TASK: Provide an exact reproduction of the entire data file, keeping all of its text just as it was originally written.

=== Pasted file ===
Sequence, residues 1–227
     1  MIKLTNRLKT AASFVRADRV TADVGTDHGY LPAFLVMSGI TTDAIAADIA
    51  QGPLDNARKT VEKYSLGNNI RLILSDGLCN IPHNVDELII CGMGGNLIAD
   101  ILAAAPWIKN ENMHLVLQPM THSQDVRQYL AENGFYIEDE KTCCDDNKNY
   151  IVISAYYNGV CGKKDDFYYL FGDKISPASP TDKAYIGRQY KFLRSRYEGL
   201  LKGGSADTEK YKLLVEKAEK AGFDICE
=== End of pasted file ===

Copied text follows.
Sequence, residues 1–227
     1  MIKLTNRLKT AASFVRADRV TADVGTDHGY LPAFLVMSGI TTDAIAADIA
    51  QGPLDNARKT VEKYSLGNNI RLILSDGLCN IPHNVDELII CGMGGNLIAD
   101  ILAAAPWIKN ENMHLVLQPM THSQDVRQYL AENGFYIEDE KTCCDDNKNY
   151  IVISAYYNGV CGKKDDFYYL FGDKISPASP TDKAYIGRQY KFLRSRYEGL
   201  LKGGSADTEK YKLLVEKAEK AGFDICE